Say the prediction is correct, and the iPhone SE 4 will depreciate as fast as the iPhone SE 3. That’s tremendous news for anyone who is interested in buying mid-range phones. Rather than getting it right after Apple launches it, you can wait a while for the value to drop. Apple will not drop the price, but third-party resellers will discount used devices so you can score an even better deal on the iPhone SE 4.

Apple's September 2023 iPhone lineup: iPhone SE 3, iPhone 13, iPhone 14, iPhone 15, and iPhone 15 Pro.
Apple’s September 2023 iPhone lineup: iPhone SE 3, iPhone 13, iPhone 14, iPhone 15, and iPhone 15 Pro. Image source: Apple Inc.

Again, the iPhone SE 4 will offer a terrific set of specs and features for that price point, giving you an affordable way to enter Apple’s ecosystem. The iPhone has gotten so good that a mid-range iPhone SE 4 might be exactly what most people need.

Also, the iPhone SE isn’t a smartphone for early adopters who buy anew phone every year or two. Does the phone’s trade-in value after a few months matter if you plan to keep the phone for three or four years, or perhaps even longer?

But maybe the prediction won’t come true. The iPhone SE models lost value so quickly because of a glaring issue: The design. Apple sold the iPhone SE 2 and iPhone SE 3 at a time when all mid-rangers featured all-screen designs that trumped the old iPhone 6 design of the SE versions. And still, those iPhone SE models sold tremendously well

The key advantage of the iPhone SE 4

The SellCell notes that budget phones don’t have to depreciate faster than flagships, pointing out the iPhone 13 mini: 

Some may say that a budget phone will always depreciate faster than a flagship phone, but this hasn’t always been the case. Indeed, prior to its discontinuation, the iPhone 13 mini 128GB depreciated by only 42.8% 12 months post-launch, which is 11.5% less than the iPhone SE 2 and 21.6% less than the iPhone SE 3. This shows a budget phone can be a winner in holding its value.

That’s a wrong depiction of the mini models. The iPhone 13 mini was never a budget phone. It was a flagship with the same design and specs as the iPhone 13. It cost $699 at launch ($729 without the $30 carrier offer). Because it was a flagship, with a flagship design, it never depreciated like an iPhone SE. It became more budget-friendly in the following years as Apple dropped the price.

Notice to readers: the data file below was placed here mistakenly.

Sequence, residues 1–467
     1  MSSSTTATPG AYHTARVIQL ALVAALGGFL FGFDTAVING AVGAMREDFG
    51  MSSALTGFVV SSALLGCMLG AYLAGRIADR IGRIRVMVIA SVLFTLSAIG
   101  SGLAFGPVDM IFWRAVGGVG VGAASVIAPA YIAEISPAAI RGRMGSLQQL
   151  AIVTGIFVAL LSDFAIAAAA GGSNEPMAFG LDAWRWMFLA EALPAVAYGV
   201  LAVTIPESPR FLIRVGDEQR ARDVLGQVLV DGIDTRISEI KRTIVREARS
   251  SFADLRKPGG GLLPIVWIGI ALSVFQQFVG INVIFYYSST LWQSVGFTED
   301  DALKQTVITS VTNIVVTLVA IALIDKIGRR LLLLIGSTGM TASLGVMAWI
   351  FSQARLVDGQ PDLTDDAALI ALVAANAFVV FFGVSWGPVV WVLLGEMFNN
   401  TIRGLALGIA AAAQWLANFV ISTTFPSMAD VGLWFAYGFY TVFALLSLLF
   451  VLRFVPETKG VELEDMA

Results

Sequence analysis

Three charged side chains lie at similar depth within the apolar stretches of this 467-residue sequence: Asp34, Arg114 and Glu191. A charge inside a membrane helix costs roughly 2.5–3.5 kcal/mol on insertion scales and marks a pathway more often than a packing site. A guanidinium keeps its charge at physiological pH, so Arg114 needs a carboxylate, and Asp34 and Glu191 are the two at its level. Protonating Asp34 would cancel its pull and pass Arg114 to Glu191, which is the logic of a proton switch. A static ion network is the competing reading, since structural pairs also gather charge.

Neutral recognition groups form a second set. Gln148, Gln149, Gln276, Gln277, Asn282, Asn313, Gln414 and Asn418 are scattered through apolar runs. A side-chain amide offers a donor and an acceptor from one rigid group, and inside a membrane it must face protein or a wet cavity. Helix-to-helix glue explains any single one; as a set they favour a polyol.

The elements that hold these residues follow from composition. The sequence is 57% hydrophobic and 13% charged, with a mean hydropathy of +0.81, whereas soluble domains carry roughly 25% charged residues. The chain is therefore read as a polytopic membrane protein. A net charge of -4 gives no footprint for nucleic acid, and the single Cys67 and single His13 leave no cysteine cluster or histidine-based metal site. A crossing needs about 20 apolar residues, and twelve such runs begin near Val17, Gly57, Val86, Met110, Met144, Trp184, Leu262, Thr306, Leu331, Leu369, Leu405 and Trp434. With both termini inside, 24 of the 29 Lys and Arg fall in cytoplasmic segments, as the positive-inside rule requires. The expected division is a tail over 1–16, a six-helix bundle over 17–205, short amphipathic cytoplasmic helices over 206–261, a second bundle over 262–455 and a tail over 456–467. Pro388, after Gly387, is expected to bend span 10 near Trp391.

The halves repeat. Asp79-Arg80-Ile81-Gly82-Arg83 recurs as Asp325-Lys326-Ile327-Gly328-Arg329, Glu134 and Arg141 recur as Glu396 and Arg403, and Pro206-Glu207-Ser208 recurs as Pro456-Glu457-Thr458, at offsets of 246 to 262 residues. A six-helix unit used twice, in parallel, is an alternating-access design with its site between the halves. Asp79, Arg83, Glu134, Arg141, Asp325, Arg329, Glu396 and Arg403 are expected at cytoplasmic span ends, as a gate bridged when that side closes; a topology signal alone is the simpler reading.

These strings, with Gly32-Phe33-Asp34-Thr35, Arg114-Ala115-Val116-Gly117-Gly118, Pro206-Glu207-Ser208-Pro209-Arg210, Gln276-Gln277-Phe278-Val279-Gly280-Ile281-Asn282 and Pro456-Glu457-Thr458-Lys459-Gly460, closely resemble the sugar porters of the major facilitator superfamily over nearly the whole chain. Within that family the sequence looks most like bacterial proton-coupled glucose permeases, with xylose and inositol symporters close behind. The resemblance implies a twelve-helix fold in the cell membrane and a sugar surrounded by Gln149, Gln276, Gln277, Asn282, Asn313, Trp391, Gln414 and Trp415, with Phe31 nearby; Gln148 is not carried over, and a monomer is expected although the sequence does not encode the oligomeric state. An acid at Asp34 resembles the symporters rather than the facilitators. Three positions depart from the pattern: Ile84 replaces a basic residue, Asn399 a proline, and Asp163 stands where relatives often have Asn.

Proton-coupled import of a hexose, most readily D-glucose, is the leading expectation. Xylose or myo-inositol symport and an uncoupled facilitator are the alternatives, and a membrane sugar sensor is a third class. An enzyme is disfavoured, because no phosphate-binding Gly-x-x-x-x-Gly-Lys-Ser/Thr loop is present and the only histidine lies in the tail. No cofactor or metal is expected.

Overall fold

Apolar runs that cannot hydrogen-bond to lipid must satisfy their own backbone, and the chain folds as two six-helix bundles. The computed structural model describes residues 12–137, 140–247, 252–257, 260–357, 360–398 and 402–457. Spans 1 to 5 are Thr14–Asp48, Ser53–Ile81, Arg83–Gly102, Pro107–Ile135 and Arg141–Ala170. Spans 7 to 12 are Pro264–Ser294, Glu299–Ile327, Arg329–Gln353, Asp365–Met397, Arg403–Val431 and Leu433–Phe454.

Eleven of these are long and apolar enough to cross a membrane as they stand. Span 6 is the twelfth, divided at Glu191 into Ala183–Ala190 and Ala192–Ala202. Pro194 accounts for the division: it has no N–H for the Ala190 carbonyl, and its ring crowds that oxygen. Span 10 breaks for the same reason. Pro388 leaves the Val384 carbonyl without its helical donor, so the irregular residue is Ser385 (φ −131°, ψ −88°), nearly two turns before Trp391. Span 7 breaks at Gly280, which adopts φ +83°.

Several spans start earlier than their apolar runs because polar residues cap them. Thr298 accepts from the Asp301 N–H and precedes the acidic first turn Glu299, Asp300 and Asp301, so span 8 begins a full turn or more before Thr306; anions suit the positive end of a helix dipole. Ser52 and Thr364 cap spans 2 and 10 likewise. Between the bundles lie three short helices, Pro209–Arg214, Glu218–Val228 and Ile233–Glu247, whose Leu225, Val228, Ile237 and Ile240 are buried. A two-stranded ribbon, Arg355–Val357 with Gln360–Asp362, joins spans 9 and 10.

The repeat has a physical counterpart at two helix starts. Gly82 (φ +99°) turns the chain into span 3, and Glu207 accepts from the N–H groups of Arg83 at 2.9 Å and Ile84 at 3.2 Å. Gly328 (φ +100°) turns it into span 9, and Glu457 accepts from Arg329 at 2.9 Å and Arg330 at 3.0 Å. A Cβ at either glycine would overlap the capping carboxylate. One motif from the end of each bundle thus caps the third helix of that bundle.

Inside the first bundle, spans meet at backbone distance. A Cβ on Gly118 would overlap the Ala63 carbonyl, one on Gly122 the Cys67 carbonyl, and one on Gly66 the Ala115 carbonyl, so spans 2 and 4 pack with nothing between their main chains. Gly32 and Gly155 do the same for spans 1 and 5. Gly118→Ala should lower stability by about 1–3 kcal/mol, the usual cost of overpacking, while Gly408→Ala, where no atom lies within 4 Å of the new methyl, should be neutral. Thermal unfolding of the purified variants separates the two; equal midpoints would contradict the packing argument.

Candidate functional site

iPhone SE 3 color options.
The iPhone SE design never did Apple any favors. Image source: Apple Inc.

Could the same thing happen with the iPhone SE 4; keep its value better because it rocks an all-screen design and a great set of specs? We’ll see, but my point remains. It’s not a bad thing if the iPhone SE 4 depreciates faster. 

SellCell does say that there’s also a scenario where there could be an increased demand for a new mid-range device like the iPhone SE 4. In such a case, the handset will retain its value for longer.

If you consider the iPhone an investment ando get a great resale price or trade-in deal for it, you should just buy a more expensive iPhone Pro. Your budget will take a hit, but the iPhone will keep its value better than the iPhone SE models worldwide. 

Chris Smith Senior Writer

Chris Smith has been covering consumer electronics ever since the iPhone revolutionized the industry in 2008. When he’s not writing about the most recent tech news for BGR, he brings his entertainment expertise to Marvel’s Cinematic Universe and other blockbuster franchises.

Outside of work, you’ll catch him streaming almost every new movie and TV show release as soon as it's available.